## 2008年4月3日星期四

### More on yield curves

Yesterday I ranted on the decision of the U.S. Treasury to make public only the pay yield curves but not the zero curves. On a second thought, I realise that I have made a mistake.

You cannot (perfectly) back out zero rates from par yields, and vice versa
I claimed that it is not possible to back out the zero rates from the 11 par yields. This is correct. What I haven't realised, however, is that it is also impossible to back out these par yields from the zero rates that correspond to the same 11 maturities. This is simply because the Treasury's par yields are quoted on the basis of semi-annual interest payments, but given those 11 discount factors D(t), many of the discount factors D(n/2) are still unknown.

Yet if we know D(t) for t=1/12, 1/4, 1/2, 1, 2, 3, 5, 7, 10, 20 and 30, we can still compute the par yield c(t) for t=1/12, 1/4, 1/2, 1, 2, 3, provided that annual interest payments are assumed for bonds with maturities >= 1 year. So, in this sense, the zero rates are still more informative than the par yields.

There is another benefit of looking at the zero curve, namely, you can compare different yields directly. Commentators on newspapers used to talk about inverted yield curves, but they don't seem to realise that the yield curves they observe are par yield curves rather than zero curves. Now imagine that the zero curve is currently flat. For maturities of 1 month or 3 months, since the par yields are exactly the zero rates but with respectively monthly or quarterly compounding, they should be smaller than the 6-month par yield. Therefore the par yield curve will appear to have an upward slope, i.e. it will appear 'normal'.

By the same reasoning, if one day you are told that the (par) yield curve is inverted, then it is likely that the zero curve has already become inverted for some time.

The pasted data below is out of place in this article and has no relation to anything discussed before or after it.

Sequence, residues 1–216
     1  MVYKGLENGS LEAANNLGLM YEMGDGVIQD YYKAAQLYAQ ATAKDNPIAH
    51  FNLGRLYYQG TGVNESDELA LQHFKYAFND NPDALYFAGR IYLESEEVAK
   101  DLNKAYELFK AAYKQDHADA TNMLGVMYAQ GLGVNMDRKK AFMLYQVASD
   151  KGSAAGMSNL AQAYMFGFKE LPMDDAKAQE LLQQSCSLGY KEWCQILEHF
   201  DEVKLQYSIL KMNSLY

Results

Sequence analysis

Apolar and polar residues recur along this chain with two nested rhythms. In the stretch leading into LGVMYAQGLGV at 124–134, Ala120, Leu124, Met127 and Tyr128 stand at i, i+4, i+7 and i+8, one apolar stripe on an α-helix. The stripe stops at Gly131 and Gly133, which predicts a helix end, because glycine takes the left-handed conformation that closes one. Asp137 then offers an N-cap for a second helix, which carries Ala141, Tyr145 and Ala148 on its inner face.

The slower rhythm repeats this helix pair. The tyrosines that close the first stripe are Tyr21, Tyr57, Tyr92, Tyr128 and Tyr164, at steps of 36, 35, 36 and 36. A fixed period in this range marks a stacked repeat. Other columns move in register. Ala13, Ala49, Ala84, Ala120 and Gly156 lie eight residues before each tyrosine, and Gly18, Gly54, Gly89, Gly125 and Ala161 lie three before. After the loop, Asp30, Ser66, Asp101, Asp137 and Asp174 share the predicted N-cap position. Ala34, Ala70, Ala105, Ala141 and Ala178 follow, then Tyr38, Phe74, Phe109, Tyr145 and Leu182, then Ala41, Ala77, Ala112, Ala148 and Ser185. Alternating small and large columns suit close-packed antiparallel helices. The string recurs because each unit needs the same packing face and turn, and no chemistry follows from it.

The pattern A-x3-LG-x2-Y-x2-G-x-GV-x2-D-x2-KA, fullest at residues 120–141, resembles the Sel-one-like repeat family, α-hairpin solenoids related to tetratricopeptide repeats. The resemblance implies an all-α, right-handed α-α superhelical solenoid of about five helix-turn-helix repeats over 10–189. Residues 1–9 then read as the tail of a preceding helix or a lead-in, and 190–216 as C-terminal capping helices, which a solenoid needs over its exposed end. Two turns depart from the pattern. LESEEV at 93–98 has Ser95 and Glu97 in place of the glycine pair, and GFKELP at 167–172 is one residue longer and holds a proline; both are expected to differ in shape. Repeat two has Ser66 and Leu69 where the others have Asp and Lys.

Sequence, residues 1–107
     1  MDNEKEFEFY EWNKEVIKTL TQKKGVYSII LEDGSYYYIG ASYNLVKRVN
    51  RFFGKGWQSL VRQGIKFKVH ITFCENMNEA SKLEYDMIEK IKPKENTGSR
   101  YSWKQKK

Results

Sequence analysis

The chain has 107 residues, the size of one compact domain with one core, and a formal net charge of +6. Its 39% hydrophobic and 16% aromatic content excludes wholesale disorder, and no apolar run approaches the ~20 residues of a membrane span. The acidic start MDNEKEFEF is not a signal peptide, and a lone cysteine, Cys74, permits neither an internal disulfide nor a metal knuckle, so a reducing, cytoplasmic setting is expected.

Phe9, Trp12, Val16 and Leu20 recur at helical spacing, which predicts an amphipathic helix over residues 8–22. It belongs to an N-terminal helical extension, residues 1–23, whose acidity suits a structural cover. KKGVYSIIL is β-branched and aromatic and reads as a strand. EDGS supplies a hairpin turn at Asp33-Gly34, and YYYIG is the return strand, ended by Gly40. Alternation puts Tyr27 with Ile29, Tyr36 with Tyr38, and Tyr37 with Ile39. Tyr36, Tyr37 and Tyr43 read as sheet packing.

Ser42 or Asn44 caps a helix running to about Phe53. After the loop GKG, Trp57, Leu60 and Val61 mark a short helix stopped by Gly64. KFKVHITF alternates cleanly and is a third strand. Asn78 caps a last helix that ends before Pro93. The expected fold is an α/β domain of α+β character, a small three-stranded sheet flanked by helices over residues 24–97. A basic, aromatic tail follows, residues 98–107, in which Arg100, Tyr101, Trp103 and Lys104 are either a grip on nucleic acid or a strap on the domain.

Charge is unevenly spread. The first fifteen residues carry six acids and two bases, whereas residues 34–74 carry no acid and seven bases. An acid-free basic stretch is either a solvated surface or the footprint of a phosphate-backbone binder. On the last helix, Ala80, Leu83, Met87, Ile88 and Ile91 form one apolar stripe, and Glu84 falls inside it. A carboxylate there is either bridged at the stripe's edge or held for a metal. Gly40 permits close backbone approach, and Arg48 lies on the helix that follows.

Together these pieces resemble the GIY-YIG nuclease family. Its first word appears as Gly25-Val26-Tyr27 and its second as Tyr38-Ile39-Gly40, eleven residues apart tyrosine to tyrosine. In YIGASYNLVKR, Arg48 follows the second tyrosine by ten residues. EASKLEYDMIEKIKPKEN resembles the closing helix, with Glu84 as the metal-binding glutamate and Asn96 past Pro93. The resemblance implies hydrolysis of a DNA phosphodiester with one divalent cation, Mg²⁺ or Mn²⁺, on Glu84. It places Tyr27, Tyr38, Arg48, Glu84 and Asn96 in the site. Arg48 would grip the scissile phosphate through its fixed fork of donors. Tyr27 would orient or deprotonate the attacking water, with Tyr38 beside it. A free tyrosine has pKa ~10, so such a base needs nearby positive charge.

Backing out zero rates from par yields, though, is numerically more stable
That said, there may be some merits for stating the par yields. Recall that when D(t) denotes the discount factor over [0,t], and c(t) denotes the par yield, we have

(c(n/2)/2)*[D(1/2) + D(1) + ... + D(n/2)] + 100*D(n/2) = 100.

Now suppose we know only D(t) for 11 different values of t, and we want to determine c(n/2) for n=1, 2,... . Since

c(n/2) = 200*[1-D(n/2)]/[D(1/2) + D(1) + ... + D(n/2)] ...... (C)

and we don't know all values of D(t), we may first interpolate the whole zero curve D(t) using the 11 given values and then find c(n/2) using the formula (C). Unfortunately, by using interpolation we will introduce some noises in the values of D(t). The relative error in c(n/2) can be broken into two parts. The first part is contributed by the relative errors in D(t) in the denominator of the right hand side of formula (C). Given that the maximum relative error in D(t) is small, this should be less of a problem. The second part of the overall error comes from the relative error in D(n/2) in the numerator. This is more problematic. When D(n/2) is close to 1 (which is case when n is not large), a small relative error in D(n/2) will be magnified to a large relative error in the numerator of the right hand side of (C). To see this, let the relative error in D(n/2) be e. Then the relative error in 1-D(n/2) is given by

{[1-(1+e)*D(n/2)] / (1-D(n/2))} - 1 = -e*D(n/2)/(1-D(n/2)) ~ -e/(1-D(n/2)).

So, if only a few zero rates are given, backing out the par yield c(n/2) from the interpolated zero curve would become a numerically unstable procedure when n is small.

In contrast, suppose only a few par yields are given, and we want to back out D(n/2) from the interpolated par yield curve. Then we have

D(n/2) = {100 - (c(n/2)/2)*[D(1/2) + D(1) + ... + D((n-1)/2)] } / (100 + c(n/2)/2).

Again, the error contributed by the noise in the denominator is less of a problem, as c(n/2) is typically much smaller than 100. For the numerator, unless n is very large, the value D(1/2) + D(1) + ... + D((n-1)/2) and hence its product with c(n/2)/2 are both relatively small when compared to 100. Hence backing out the zero rates from the interpolated par yields seems to be a more stable operation than backing out par yields from the interpolated zero rates.

Still, why not offer the best of the two worlds?
So it seems that both yield curves have their own merits. As stating any one of them will result in some loss of information in the other, why doesn't the U.S. Treasury just announces both curves, or even simply make public the coefficients of the cubic splines that is used to generate the par yields? Any explanations on the Treasury's rationale are welcomed.